12:15 Then Nathan went to his home. The LORD struck the child that Uriah’s wife had borne to David, and the child became very ill. 12:16 Then David prayed to God for the child and fasted. He would even go and spend the night lying on the ground. 12:17 The elders of his house stood over him and tried to lift him from the ground, but he was unwilling, and refused to eat food with them.
The Lord struck the child…and the child became very ill – and we learn in v18 that the child died just a week later.
Paul Ellis pitches this text against those that proclaim God’s perfect goodness (Deut 32:4; James 1:17) and adjudicates in favour of the latter. Ellis is willing to blame sin, and he is also willing to blame Nathan, but he is not willing to hold the Lord responsible. Ellis asks: ‘do you try to interpret God based on what you see in scripture, or scripture based on what you see in God?’ For him, the answer is obvious. For us to assign any kind of responsibility to God in such matters, leads to passivity (‘It’s the will of God; I must accept it’) and closes the door on his grace.
Ellis’ view is a neat attempt to sidestep the problem. But the problem is not an isolated one. The following OT passages also represent the death of children as a judgment upon their parents: firstborn of Egypt, Ex. 12:29; sons of Eli, 1 Sam. 3:13, 14; sons of Saul, 1 Sam. 28:18, 19.
Grudem notes that ‘David remained mindful of the fact that God could bring evil against him, because at a later time, when Shimei cursed David and threw stones at him and his servants (2 Sam. 16:5–8), David refused to take vengeance on Shimei but said to his soldiers, “Let him alone, and let him curse; for the LORD has bidden him” (2 Sam. 16:11).’ (Systematic Theology, p324)
Grudem goes on to consider the occasion when the Lord ‘incited’ David to take a census of the people (2 Sam 24:1). See the discussion there.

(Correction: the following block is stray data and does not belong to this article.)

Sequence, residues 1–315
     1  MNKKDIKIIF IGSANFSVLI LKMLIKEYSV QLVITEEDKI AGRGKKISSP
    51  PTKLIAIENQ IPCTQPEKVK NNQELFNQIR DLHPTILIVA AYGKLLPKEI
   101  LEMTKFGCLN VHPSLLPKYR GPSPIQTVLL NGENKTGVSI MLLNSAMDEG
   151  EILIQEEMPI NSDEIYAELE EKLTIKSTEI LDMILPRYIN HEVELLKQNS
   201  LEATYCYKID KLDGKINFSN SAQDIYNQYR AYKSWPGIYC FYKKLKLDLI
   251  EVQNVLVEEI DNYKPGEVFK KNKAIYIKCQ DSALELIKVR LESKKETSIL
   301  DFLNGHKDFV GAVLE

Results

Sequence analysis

12:18 On the seventh day the child died. But the servants of David were afraid to inform him that the child had died, for they said, “While the child was still alive he would not listen to us when we spoke to him. How can we tell him that the child is dead? He will do himself harm!”
On the seventh day the child died – ‘The fact that the child died on the seventh day of his life is of great significance when considered in light of the Torah. Sons were not to receive circumcision, the physical sign of identification with the Lord’s covenant, until the eighth day of their life (cf. Lev 12:3; also Luke 1:59; 2:21; Phil 3:5). David’s son was conceived as a result of David’s contempt for the Lord’s covenant (cf. v. 9), so it was painfully fitting that the child should be permanently excluded from Israel’s covenant community (cf. Gen 17:14). This seventh-day death may also explain why the child is never referred to by name; perhaps the child never received a name, since under normal circumstances naming might not occur until after the child received the covenant sign (cf. Luke 1:59–62).’ (Bergen, NAC)